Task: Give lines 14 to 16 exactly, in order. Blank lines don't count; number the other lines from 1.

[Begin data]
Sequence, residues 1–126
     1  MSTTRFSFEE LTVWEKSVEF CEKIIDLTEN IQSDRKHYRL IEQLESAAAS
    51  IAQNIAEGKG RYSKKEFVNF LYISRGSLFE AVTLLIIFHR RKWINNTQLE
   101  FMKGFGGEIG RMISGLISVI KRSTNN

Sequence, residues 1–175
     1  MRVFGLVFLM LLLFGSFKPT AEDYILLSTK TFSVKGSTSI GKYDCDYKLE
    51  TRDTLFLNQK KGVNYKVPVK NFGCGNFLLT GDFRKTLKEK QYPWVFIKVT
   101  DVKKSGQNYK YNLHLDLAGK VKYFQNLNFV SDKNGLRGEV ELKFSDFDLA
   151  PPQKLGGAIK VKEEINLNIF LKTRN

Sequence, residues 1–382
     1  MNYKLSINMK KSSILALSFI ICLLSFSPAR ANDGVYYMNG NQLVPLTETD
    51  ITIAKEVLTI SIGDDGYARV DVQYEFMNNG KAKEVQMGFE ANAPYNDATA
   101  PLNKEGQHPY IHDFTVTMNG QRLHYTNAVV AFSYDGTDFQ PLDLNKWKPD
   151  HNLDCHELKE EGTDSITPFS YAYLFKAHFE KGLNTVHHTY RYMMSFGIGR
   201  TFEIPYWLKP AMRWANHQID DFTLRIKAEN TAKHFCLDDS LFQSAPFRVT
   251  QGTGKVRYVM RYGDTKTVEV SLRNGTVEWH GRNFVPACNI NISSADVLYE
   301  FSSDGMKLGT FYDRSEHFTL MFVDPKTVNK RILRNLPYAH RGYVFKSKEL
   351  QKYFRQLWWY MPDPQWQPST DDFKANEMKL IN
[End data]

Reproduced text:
   151  HNLDCHELKE EGTDSITPFS YAYLFKAHFE KGLNTVHHTY RYMMSFGIGR
   201  TFEIPYWLKP AMRWANHQID DFTLRIKAEN TAKHFCLDDS LFQSAPFRVT
   251  QGTGKVRYVM RYGDTKTVEV SLRNGTVEWH GRNFVPACNI NISSADVLYE